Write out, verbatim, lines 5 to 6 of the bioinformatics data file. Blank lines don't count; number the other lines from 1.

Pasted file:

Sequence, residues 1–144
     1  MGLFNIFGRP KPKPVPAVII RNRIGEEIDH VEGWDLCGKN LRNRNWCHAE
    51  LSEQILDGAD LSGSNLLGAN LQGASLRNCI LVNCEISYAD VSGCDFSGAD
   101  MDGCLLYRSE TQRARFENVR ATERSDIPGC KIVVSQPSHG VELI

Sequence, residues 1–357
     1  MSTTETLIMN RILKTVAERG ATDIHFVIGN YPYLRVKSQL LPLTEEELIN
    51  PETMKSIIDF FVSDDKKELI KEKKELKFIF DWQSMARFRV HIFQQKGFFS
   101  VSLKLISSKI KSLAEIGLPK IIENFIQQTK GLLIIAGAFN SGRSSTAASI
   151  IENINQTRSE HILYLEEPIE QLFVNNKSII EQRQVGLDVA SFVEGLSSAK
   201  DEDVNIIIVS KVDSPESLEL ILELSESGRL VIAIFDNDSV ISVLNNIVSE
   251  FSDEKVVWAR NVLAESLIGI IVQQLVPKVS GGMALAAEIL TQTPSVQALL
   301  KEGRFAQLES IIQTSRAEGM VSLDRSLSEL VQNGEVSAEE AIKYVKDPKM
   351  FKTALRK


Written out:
Sequence, residues 1–357
     1  MSTTETLIMN RILKTVAERG ATDIHFVIGN YPYLRVKSQL LPLTEEELIN